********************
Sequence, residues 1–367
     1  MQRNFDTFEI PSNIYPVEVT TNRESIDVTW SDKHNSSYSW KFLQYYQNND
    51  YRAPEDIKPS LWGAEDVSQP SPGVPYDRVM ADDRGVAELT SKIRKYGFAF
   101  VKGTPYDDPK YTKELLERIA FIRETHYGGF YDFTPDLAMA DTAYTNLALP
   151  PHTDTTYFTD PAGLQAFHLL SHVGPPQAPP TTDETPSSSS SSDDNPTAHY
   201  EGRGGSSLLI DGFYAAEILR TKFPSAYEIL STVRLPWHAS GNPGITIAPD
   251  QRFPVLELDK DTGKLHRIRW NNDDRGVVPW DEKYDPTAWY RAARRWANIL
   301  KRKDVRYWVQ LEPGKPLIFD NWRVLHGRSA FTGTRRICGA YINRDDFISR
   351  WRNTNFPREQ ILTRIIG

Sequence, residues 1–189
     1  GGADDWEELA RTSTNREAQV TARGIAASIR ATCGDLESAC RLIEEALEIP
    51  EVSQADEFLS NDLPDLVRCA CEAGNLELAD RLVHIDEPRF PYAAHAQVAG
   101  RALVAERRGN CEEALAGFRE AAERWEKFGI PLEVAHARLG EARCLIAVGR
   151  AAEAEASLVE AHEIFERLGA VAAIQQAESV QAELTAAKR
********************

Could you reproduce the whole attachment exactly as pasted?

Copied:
Sequence, residues 1–367
     1  MQRNFDTFEI PSNIYPVEVT TNRESIDVTW SDKHNSSYSW KFLQYYQNND
    51  YRAPEDIKPS LWGAEDVSQP SPGVPYDRVM ADDRGVAELT SKIRKYGFAF
   101  VKGTPYDDPK YTKELLERIA FIRETHYGGF YDFTPDLAMA DTAYTNLALP
   151  PHTDTTYFTD PAGLQAFHLL SHVGPPQAPP TTDETPSSSS SSDDNPTAHY
   201  EGRGGSSLLI DGFYAAEILR TKFPSAYEIL STVRLPWHAS GNPGITIAPD
   251  QRFPVLELDK DTGKLHRIRW NNDDRGVVPW DEKYDPTAWY RAARRWANIL
   301  KRKDVRYWVQ LEPGKPLIFD NWRVLHGRSA FTGTRRICGA YINRDDFISR
   351  WRNTNFPREQ ILTRIIG

Sequence, residues 1–189
     1  GGADDWEELA RTSTNREAQV TARGIAASIR ATCGDLESAC RLIEEALEIP
    51  EVSQADEFLS NDLPDLVRCA CEAGNLELAD RLVHIDEPRF PYAAHAQVAG
   101  RALVAERRGN CEEALAGFRE AAERWEKFGI PLEVAHARLG EARCLIAVGR
   151  AAEAEASLVE AHEIFERLGA VAAIQQAESV QAELTAAKR